A certain occasional reader of this site has pointed out The Hours on more than one occasion, the gist being that they are better than the whole host of generic indie rock plagiarisers out there at the moment. On the basis of Back When You Were Good he'd be right.
I saw Client support the Pet Shop Boys at the Liverpool Summer Pops. Truth be told, once I was past the "ooh, that's the bird from Dubstar" novelty, they were pretty crap. But on record they have always seemed a different proposition. And lets face it, its a cover of a great Adam & The Ants song, and the three ladies are not exactly ugly to look at are they (especially that one who plays the Keyboards). So although I probably shouldn't admit this, I think this is pretty bloody good.
Little Man Tate are a great singles band. Sexy In Latin is no exception. It is, for instance, a whole lot better than the Fratellis, but what do I know huh?
The new Keane one has the same effect that most of their songs seem to have on me. I quite like it and would listen to it if it came on the radio, but I have no intention of buying it.
Norah Jones is a funny one. On the one hand I think she gets far too much hype but on the other hand I also think that some people unfairly dismiss her as window dressing. Thinking About You is one of her best, in fact probably other than Sunrise it is her best. It's simple, but gorgeously simple. Sometimes, the simple sentiments are the most powerful.
I'll give My Chemical Romance some credit; at least they're not Bowling For Soup. Still, whereas their last effort The Black Parade at least had some mental value to it, Famous Last Words is just dull. So watch it storm into the top of the charts again no doubt.
It is of course a similar thing with Vanessa Hudgens. The fact that the song isn't very good (and if you listen closely is just someone giving Avril Lavigne's Complicated a bit of an R'n'B chart twist) doesn't really matter. What matters is that she was in that High School Musical thing and thus will, in the short term at least, be a superstar. But lets face it, she makes JoJo look good.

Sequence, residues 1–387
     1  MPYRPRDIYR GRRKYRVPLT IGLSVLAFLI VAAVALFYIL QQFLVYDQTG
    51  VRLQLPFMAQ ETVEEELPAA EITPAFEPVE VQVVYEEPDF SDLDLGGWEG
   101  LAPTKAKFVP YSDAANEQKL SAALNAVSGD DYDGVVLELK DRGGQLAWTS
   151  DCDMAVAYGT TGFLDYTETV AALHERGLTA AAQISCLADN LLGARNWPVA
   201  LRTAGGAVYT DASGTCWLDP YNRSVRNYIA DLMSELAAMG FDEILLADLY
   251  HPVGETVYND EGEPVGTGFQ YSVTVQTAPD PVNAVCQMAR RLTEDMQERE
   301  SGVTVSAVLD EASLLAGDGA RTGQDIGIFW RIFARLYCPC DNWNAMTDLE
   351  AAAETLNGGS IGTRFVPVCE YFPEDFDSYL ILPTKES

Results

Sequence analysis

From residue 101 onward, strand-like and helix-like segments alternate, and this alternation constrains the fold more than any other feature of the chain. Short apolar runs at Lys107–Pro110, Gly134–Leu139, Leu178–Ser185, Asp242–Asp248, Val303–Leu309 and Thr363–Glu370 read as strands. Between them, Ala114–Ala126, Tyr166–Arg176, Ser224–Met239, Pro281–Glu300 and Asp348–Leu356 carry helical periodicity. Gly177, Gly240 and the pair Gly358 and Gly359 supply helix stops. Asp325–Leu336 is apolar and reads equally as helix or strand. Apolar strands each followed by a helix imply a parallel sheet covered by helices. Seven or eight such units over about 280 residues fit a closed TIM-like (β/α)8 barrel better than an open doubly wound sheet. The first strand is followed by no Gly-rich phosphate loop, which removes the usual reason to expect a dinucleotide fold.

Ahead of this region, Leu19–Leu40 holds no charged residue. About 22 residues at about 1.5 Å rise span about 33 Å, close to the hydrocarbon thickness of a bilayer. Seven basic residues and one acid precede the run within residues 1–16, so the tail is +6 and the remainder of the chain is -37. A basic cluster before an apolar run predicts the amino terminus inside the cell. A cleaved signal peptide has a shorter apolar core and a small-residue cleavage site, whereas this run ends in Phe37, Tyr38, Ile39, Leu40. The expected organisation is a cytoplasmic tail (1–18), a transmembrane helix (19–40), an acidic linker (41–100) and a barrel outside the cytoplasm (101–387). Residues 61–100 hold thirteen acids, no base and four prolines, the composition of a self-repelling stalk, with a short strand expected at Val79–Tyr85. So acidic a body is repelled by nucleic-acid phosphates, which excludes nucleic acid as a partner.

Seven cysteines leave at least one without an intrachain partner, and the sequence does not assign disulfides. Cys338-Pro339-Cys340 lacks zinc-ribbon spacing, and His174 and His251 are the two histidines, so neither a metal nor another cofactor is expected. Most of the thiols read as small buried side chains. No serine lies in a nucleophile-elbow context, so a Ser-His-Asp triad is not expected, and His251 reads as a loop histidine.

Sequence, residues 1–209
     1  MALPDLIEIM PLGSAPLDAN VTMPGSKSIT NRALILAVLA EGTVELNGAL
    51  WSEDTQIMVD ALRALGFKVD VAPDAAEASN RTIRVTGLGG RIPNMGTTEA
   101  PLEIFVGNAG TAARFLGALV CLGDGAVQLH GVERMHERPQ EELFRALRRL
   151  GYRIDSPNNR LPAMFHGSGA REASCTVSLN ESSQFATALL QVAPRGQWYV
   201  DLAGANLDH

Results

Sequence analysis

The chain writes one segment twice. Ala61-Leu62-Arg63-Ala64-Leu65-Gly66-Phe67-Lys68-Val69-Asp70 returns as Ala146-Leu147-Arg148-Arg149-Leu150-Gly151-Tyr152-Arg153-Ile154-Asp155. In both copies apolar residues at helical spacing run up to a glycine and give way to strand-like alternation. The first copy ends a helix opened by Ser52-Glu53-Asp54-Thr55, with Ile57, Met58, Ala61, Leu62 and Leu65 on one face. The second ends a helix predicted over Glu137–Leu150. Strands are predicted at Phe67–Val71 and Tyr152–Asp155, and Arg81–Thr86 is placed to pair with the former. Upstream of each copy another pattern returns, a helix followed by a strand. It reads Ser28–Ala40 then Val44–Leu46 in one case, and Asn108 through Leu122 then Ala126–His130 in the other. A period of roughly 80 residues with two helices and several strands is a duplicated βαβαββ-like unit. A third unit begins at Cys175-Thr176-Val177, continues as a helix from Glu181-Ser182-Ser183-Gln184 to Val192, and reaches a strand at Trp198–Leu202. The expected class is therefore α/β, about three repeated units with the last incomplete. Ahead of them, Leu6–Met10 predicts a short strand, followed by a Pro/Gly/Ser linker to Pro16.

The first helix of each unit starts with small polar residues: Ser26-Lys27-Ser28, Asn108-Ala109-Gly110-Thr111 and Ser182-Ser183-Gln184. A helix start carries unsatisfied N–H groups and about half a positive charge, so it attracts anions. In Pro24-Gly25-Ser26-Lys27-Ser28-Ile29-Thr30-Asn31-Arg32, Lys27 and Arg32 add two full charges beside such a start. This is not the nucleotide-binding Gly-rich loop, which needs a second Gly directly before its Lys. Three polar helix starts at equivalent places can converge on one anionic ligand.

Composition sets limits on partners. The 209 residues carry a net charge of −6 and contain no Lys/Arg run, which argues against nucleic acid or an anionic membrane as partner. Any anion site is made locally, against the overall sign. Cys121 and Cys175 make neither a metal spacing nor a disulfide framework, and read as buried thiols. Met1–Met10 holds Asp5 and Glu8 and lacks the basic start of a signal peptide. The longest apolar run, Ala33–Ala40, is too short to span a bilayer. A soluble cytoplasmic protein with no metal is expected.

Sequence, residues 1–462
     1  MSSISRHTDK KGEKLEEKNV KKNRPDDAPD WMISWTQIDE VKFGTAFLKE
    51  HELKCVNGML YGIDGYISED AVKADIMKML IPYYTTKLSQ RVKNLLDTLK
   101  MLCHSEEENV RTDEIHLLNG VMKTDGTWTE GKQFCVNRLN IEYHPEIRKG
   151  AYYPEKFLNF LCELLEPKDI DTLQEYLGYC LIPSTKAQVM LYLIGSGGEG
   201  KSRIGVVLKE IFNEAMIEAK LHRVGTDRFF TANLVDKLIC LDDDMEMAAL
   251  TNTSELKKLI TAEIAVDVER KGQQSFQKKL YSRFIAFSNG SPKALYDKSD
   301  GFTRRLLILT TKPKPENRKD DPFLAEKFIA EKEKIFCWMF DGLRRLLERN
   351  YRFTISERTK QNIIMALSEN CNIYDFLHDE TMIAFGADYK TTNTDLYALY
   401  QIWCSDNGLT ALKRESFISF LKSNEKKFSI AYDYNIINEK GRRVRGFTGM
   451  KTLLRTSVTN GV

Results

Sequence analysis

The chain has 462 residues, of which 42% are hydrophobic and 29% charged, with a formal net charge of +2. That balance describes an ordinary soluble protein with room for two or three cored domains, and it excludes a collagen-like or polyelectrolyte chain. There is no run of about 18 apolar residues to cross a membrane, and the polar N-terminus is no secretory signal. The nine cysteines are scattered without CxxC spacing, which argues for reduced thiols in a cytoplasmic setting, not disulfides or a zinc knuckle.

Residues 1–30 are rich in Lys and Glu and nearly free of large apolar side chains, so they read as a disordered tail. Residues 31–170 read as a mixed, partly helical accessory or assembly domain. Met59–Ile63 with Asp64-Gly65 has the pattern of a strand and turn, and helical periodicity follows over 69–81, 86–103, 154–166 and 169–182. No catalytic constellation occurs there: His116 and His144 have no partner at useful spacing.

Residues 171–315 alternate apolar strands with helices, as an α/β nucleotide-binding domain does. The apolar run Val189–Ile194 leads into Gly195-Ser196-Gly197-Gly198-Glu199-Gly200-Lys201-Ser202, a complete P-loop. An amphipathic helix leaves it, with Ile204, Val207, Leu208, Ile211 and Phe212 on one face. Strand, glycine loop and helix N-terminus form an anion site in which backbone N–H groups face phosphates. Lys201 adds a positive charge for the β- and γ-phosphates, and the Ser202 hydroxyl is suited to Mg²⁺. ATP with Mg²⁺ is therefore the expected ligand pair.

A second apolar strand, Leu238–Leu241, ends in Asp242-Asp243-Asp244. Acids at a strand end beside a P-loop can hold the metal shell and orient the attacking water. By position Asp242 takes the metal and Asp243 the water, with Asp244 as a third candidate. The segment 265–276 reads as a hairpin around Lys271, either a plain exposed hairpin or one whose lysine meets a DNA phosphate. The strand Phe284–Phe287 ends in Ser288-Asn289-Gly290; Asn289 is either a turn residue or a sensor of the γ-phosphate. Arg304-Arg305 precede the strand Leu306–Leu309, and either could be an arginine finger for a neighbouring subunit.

Larrikin Love's Well Love Does Furnish A Life is furnished with a fantastic video but to me it's a song that takes too long to really get going and then when it does, the "going" isn't worth the wait. It almost is, but not quite. Quite "Smiths" esque as well if you ask me.
Honeytrap release the Naked Dancing EP this week. I haven't heard it all, in fact I've only heard the lead track Let's Do Naked Dancing. It's a good jangly indie tune but doesn't really have that "spark" that would separate it from the pack. Still, it has handclaps, and handclaps are officially awesome.
Some idiot has taken that Cillit Bang advert and given it a techno backing track. I'm as much of a Barry Scott fan as the next man, but I cannot condone this.
If you're missing Travis (there must be someone out there who is) then you might want to check out Chris Singleton. Get Up is a pleasant enough tune and you will be singing along to the chorus for quite a while but is the kind of thing you can only really see Terry Wogan getting excited about. Or Chris Tarrant.
The Klaxons hit us with Golden Skans this week. It's good and sees the boys in a little more mainstream form. It's no Atlantis To Interzone, but what is these days. I like it, but to be honest I am disappointed with it after the absolute insania (thanks Peter) of their previous singles.
It's good to see Kristin Hirsh back on such good form with In Shock even if her voice does seem to have gone ever so slightly. The song itself though is an epic.
It's as if Sixpence None The Richer have relocated to New Zealand in the form of Goldenhorse. Quite why this is getting a UK release now when it was, by all accounts, the most played record on NZ radio in 2004 (!) is beyond me, but I'm quite glad it is. And whilst you will appreciate that the fact that lead singer Kirsten Morelle is far from unattractive makes no difference one way or the other, I only feel it fair to point that out.
A Brighter Beat by Malcolm Middleton is quite the treat this week as well. It's got that lovely trick of upbeat music disguising slightly downbeat lyrics. It's well worth a listen.
Marissa Nadler released Diamond Hart in June last year apparently, a fact which completely passed me by. Which is a shame because if I'd heard it then I'd have had six more months of being a fan of her's on my resume. I think it was the Guardian who said that her version of Famous Blue Raincoat made Leonard Cohen's sound like the Scissor Sisters so you can be sure that Marissa won't be to everyone's taste. But if you like the more introspective moments of Martha Wainwright, you'll find much to enjoy here.